Jeff: Leo said he was unhappy not to be here. I don't believe him.

Fr. Robert: No, I've seen his Google + and his Twitter feed. He's in a wonderful place.

Jeff: He's very happy.

Mark: He still uses Google +?

Fr. Robert: Whoa. Wait. Ok, look. Some of us have great interactions on Google +. I'm just going to say it.

Jeff: Well, when it's only three people, of course you do. I used to love it. I used to adore it, but.

Fr. Robert: It works for some groups. Like on my Know How group, we've got 12,000 people. It's incredibly active.

Jeff: J.J's, I can see him winding up.

Fr. Robert: I understand it's a ghost town in a lot of places, but one of the nice things about that is, it's for the geeks and the marginalized, it's become a great place. I don't have to worry about extraneous messaging. It's just what we want.

Owen: I think the FBI should investigate that group. If there's 12,000 people on a Google Group, I think—

Fr. Robert: (Laughing).

Jeff: They're all bots and Russians.

Owen: They should definitely investigate that group. I'm just saying, the CIA, the FBI, somebody ought to get in there. Just make sure everything's kosher. I love you Father, but look, the Lord knows we've got to find out what's going on if there's 12,000 people. Second thing. Google still has social media. I don't use anything on Google except Google Photos and my email. I don't know anything else that Google does, so, that's not here nor there. But yea. 12,000.

Fr. Robert: I get it. I understand. And you're right because a lot of the groups that I am a part of on Google +, they've emptied out and they've all moved over to Facebook. But, there are those of us who are loyalists until Google announces that they're going to pull the plug.

Jeff: I loved Google + in the day. But—

Fr. Robert: Wait. When was the day?

Owen: The day it came out.

Fr. Robert: Tuesday?

Jeff: (Laughing) Even you can't resist being cruel.

Fr. Robert: It's true.

Owen: I'm sorry.

Fr. Robert: Ok, let's do some happy Google news. This is actually something I'm very interested in even though we have very little details about it. Google's going to announce a brand-new Pixel on October 4th.

Jeff: Yay. My Pixel is clapping.

Fr. Robert: Are we excited? This is about a much detail as we have. There was a bulletin board that went up in Boston and all the bulletin boards was saying was, "Go to this website and Ask More." And if you go to Ask More and they ask for your email address and the last 6 digits of your social security—no, that was Equifax. Sorry. It asks for your email address and it looks like they're going to announce a new Pixel, maybe a new Chromebook, maybe?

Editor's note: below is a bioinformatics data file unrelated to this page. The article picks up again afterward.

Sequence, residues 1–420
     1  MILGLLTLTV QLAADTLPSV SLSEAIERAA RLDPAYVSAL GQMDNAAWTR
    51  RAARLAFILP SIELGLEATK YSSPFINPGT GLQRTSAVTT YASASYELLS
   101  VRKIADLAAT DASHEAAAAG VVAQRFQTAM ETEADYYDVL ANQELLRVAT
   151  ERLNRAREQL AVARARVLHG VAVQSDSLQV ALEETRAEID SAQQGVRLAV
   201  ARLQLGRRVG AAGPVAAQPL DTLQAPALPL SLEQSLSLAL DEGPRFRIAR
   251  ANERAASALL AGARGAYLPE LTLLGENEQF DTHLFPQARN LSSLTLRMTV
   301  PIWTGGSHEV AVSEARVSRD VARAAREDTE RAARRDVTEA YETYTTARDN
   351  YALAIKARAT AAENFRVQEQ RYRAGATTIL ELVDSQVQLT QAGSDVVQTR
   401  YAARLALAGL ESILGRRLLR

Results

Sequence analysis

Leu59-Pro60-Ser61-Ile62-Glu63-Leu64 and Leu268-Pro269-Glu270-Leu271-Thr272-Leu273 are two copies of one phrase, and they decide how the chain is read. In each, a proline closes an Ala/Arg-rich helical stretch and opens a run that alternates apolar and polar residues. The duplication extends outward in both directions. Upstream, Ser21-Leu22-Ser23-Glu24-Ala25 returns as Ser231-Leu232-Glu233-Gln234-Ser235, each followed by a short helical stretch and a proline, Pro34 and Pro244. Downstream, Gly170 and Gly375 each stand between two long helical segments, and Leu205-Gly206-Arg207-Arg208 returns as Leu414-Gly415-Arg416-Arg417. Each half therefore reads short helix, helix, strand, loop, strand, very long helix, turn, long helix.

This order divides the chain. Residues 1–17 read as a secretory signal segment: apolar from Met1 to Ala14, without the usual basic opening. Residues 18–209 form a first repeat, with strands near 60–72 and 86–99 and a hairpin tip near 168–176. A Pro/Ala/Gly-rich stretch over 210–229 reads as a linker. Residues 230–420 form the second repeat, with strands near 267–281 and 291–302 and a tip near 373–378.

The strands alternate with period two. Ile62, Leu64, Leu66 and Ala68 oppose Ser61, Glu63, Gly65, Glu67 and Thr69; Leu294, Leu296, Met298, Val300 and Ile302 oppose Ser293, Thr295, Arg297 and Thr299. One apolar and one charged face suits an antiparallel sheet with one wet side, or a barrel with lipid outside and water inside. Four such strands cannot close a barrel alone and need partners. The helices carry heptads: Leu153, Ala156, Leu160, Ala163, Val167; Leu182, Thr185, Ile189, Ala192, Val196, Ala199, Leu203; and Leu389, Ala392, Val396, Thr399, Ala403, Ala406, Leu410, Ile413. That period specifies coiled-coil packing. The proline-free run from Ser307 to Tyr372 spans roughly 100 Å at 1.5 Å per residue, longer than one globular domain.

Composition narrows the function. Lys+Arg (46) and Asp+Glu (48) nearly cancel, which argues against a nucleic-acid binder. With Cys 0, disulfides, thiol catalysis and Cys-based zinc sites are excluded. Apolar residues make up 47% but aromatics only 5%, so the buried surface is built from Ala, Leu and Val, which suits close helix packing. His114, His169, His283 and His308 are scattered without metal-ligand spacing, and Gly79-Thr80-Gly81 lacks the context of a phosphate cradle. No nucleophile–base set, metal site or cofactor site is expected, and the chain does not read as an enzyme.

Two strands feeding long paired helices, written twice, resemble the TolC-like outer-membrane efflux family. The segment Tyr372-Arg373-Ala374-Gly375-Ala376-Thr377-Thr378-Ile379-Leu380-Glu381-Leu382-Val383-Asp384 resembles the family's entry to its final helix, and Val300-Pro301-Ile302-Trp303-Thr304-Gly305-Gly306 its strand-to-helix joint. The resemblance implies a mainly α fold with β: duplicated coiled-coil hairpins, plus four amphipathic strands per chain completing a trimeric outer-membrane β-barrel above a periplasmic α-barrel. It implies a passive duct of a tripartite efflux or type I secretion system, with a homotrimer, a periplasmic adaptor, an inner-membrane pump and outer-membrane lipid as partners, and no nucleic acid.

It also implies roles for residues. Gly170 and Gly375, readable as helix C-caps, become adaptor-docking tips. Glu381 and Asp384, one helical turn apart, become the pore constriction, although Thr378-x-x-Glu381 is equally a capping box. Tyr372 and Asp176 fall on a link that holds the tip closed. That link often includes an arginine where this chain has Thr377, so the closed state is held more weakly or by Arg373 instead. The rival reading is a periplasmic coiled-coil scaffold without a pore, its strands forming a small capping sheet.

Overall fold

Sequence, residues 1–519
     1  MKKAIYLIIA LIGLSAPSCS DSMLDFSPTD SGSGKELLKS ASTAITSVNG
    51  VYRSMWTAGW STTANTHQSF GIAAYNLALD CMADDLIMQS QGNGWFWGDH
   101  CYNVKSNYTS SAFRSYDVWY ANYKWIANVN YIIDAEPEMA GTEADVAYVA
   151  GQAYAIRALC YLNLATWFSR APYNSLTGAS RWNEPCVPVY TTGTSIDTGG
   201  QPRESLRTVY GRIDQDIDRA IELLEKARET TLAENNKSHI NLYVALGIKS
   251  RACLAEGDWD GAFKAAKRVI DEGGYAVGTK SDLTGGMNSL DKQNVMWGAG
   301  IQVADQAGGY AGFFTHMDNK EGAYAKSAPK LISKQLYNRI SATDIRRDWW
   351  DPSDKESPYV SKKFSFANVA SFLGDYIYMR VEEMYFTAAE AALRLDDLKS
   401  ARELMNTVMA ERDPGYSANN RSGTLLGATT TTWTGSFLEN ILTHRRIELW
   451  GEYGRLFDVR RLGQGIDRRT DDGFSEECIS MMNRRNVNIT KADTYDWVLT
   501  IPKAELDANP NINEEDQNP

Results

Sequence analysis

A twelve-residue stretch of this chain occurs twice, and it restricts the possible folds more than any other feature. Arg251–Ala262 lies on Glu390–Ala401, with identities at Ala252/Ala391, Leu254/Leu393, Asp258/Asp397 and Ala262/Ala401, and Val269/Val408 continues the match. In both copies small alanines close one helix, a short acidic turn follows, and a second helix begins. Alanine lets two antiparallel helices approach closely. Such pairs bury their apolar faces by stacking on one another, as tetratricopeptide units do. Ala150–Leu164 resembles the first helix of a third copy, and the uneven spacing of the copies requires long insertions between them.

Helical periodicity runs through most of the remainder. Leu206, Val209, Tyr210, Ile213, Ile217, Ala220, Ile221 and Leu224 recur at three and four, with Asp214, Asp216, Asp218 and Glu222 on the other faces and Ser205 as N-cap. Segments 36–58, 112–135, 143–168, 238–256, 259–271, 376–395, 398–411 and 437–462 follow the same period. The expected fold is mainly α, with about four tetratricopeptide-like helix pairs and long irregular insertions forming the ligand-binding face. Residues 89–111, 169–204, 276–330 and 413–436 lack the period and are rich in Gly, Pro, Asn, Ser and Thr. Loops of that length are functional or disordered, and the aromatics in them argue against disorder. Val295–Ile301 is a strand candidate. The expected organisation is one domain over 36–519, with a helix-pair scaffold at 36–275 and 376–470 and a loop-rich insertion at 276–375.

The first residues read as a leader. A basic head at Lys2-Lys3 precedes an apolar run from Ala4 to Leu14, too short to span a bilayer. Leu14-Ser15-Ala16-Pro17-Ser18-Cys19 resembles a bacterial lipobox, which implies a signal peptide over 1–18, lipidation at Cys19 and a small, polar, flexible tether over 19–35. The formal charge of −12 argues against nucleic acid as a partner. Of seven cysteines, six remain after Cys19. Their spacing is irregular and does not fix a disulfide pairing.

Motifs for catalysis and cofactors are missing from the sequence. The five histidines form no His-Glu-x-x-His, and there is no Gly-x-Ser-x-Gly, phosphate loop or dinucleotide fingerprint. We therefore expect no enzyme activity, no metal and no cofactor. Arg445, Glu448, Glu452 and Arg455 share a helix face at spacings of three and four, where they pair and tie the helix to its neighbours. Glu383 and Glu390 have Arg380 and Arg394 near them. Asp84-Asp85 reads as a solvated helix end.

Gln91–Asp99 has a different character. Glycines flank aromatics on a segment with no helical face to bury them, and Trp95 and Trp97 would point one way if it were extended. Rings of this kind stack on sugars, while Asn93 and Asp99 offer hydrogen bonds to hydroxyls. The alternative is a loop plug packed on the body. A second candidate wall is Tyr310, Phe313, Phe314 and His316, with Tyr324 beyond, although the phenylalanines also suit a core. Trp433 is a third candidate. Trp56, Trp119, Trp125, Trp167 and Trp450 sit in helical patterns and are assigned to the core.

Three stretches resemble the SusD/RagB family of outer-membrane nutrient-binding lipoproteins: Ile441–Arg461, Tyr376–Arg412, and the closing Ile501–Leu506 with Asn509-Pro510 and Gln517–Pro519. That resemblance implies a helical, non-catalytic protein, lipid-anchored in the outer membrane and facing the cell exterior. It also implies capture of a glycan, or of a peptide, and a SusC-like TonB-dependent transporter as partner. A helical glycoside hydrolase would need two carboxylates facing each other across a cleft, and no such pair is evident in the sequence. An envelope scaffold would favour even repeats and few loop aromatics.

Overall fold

Jeff: Oh, I pray, I pray, I pray. I love my Chromebook Pixel. I own four of them.

Fr. Robert: I have one now and I love it.

Jeff: I love it.

Fr. Robert: And I got one for my parents.

Jeff: I love it but it's getting old and I'm not sure about the new ones, so I want a high-end Chromebook. I have lived entirely on Chromebook, entirely for almost three years now.

Fr. Robert: I don't know anyone who has a Pixel who doesn't like it.

Jeff: Even Leo used to make fun of them. He now likes them. When I travel I throw in my Pixel C which is the tablet. I don't even carry a laptop anymore.

Fr. Robert: Ok. I will draw my line there. I love my Acer Chromebook. I have a R13 because it also does Android apps and it's convertible and it's very low cost. It was a $300-dollar Chromebook but if I can only carry one device, it's not going to be that, it will be this Acer S7.

Jeff: Can I ask you a question? So, the dialogue box you get, once or always, I answered wrong a few times and when I click on let's say a media link or a New York Times link, it goes to the app and I don't want it too. I want it to go to the web. And I don't know where to turn that off.

Fr. Robert: Right. There's actually app preferences. Unfortunately, it's kind of ham-handed because unless you know exactly which app preference you want to reset, it resets all your app preferences, which I think is a wonderful design, by the way.

Jeff: Yes, it is. Anyway, I love my Chromebook. I want a Chromebook. But here's a J.J. question, too. What can they—the Pixel is a darn good phone. What can they do to this that will make me spend an extra $900-dollars?

Fr. Robert: The notch. If the put that notch at the top, thousand-dollar phone.

Mark: And take the fingerprint off the back.

Fr. Robert: J.J. is not impressed.

Owen: It's a—I don't know. It's a sexy, boring phone. Like when you hold the phone and you use the phone, it is fast, it is responsive, the camera is amazing. It's such a great phone. But it doesn't excite me per se. When I hold it, I feel happy when I've got it in my hands. Again—

Jeff: What more do you want in life, man?

Owen: I need marketing. I need a video of a kid in the rain doing some kind of dance that I'm never going to do. I need paint splashing through windows and I need the right song to go with it. That's all the difference in these phones. These phones—I mean, look. I love my phone but it's not like I'm sitting over here drooling over this phone. They need to do something that makes me feel good about myself having the phone. And as stupid as that sounds, that's why Apple sells so many phones. They make me feel important in having this phone. I feel better than most people knowing that I've got an iPhone. The phone ain't better than other people's phones. But I feel better having that phone over other phones. And that's something that the Pixel needs to do.